Summer is stunning at WBR. From the aerial photo, you can see our lodge, campground, trails, skills area, pump track, ridge deck, office/camp store and the woods we call home. Book a bunk in our lodge or pitch a tent in our campground, and ride around our trails or venture onto the Whitefish Trail System, encompassing 42 miles of natural surface trails with 12 trail-heads. The WBR crew is here to help you navigate the trails and find your way around this exceptionally scenic part of Montana.

WBR also offers day adventures. Rent a mountain bike trail-side so you can ride the Whitefish Trail without having to transport your own bike to a trailhead. When you’re finished with your ride, feel free to come back and hang out with us, and share your stories from the day. Grab a pint of our favorite local ice cream at Sweet Peaks, and recover in one of our hammocks to top off a day well spent.

Bikepacking on the Great Divide Mountain Bike Route.

For those of you looking to venture further out on a longer ride, plan a bikepacking adventure where you are limited only by the time you have available. We offer mountain bike and bikepacking bag rentals, so all you need to bring is your gear and sense of adventure. We can help you pack a bike, find a route to explore and shuttle you to the trailhead, or pick you up when you’re finished.

Embark on the ultimate adventure. WBR is located near the Great Divide Mountain Bike Route, which is the longest off-pavement bicycle route in the world, starting from Banff in Alberta, Canada, crisscrossing the Continental Divide and ending in Antelope Wells, New Mexico.

Riders on the Whitefish Trail.

Fat biking around Whitefish Bike Retreat.

Biking isn’t reserved for the warmer months. Winter offers load of fun. Join us for a snowy winter-wonderland adventure. Our lodge is open year-round, with groomed fat bike trails stretching from the front door out into and around the Beaver Lake area. These winter trails are shared with snowshoers, cross-country skiers and fat bike trail enthusiasts. Our lodge offers guests easy access to winter activities and a comfy place to end the day with family and friends, warming up in the wood-fired sauna.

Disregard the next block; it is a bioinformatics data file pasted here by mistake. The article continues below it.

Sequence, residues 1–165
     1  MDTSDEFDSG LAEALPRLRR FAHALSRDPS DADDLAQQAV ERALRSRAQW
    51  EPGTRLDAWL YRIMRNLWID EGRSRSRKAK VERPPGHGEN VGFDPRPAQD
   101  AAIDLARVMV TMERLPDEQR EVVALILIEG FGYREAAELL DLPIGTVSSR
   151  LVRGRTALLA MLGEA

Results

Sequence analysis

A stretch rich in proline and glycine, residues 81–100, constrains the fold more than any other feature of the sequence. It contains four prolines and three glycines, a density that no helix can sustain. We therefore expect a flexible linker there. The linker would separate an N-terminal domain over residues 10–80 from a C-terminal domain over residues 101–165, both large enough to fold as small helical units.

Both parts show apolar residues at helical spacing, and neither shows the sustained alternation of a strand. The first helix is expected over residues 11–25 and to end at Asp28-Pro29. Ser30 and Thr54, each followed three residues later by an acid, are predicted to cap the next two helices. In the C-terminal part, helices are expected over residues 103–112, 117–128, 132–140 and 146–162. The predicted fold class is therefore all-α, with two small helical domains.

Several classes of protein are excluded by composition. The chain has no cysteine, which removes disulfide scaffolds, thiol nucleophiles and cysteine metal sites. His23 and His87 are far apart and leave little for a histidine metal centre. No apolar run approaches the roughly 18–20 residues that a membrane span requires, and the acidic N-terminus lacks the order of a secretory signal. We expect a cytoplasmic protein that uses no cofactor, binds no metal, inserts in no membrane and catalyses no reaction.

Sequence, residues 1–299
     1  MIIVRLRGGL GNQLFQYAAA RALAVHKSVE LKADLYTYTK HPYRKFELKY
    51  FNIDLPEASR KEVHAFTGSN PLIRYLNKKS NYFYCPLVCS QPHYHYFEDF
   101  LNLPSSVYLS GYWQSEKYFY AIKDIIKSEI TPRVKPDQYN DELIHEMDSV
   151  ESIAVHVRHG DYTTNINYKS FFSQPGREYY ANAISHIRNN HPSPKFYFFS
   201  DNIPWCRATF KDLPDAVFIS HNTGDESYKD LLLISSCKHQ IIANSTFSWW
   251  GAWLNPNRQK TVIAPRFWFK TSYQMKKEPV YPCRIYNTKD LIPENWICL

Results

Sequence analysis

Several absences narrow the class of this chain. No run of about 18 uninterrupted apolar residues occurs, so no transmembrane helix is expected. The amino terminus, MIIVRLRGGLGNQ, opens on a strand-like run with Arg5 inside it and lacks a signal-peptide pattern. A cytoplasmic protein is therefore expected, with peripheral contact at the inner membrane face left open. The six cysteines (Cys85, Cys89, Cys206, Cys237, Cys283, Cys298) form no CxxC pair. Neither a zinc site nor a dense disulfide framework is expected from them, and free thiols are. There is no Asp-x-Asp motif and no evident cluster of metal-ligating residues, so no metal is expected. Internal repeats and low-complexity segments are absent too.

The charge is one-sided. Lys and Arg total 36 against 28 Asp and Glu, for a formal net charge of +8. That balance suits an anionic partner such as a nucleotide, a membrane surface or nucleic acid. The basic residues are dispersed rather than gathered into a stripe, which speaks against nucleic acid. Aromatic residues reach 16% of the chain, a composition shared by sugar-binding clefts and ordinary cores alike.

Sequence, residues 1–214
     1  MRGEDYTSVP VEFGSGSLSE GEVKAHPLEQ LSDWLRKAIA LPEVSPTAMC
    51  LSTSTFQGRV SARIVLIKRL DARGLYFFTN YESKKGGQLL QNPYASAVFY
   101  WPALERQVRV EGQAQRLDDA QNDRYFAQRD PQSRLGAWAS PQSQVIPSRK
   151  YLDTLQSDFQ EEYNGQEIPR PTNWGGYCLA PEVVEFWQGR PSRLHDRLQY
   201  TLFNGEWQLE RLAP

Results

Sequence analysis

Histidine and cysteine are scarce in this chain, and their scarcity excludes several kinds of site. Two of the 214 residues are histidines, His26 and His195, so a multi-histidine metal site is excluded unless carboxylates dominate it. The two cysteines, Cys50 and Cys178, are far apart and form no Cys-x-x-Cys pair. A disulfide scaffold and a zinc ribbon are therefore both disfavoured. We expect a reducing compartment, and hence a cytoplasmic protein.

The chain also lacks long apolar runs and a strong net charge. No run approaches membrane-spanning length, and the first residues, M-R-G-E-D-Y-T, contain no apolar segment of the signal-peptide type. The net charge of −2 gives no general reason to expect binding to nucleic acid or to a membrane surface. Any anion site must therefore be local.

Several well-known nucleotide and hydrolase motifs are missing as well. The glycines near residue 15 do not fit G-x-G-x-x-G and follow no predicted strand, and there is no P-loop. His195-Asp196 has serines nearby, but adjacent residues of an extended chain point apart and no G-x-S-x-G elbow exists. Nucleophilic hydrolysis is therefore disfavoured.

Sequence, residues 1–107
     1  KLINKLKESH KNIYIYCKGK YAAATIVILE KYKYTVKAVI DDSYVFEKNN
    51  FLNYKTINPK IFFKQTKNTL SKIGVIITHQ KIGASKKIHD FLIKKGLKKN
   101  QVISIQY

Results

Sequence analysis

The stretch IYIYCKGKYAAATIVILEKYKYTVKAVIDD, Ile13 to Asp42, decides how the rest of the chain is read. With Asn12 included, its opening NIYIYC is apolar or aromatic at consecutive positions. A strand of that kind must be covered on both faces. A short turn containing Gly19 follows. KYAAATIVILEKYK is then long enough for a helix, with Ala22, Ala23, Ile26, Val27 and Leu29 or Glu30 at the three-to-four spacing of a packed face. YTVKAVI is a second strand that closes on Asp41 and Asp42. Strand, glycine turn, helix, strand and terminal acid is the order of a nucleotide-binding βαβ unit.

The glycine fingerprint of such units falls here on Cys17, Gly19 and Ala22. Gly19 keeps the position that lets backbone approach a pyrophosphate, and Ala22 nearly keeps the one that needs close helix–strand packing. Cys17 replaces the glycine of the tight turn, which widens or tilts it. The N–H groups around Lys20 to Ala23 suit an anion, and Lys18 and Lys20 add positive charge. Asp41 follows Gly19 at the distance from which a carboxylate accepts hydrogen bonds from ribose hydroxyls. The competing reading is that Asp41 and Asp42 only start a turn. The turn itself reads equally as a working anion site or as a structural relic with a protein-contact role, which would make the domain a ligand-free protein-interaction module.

Wood-fired sauna for guests.

Getting here is easy. For those of you flying into our closest airport, Glacier Park International (FCA) in Kalispell, we offer a shuttle. Amtrak rail service running from Seattle or Portland to Chicago passes right through our region, with a stop in Whitefish, and we are happy to offer a shuttle from the train depot. During our office hours, we offer free town shuttles to get guests back and forth between WBR and Whitefish, where you can take advantage of buses to Glacier National Park or Whitefish Mountain Resort, or enjoy downtown Whitefish—one of the friendliest towns in the West, with an array of shops, galleries and eateries.

Shuttle drop-off for riders.

For more information on biking adventures in Western Montana, visit our website at
www.whitefishbikeretreat.com or give us a call at 406.260.0274.

SLEEP – WAKE – RIDE – FIND ADVENTURE

Cricket

Cricket – owner of Whitefish Bike Retreat.

Cricket Butler moved to Whitefish 2012 and opened the Whitefish Bike Retreat (WBR) in 2013.  She has a long history of cycling and adventuring including long distance hiking and kayaking to mountaineering and knows how to cater to visitors looking for an active vacation.  Her love for Montana and passion for cycling shows in what she has created and helps others find their own adventure in beautiful Northwest Montana.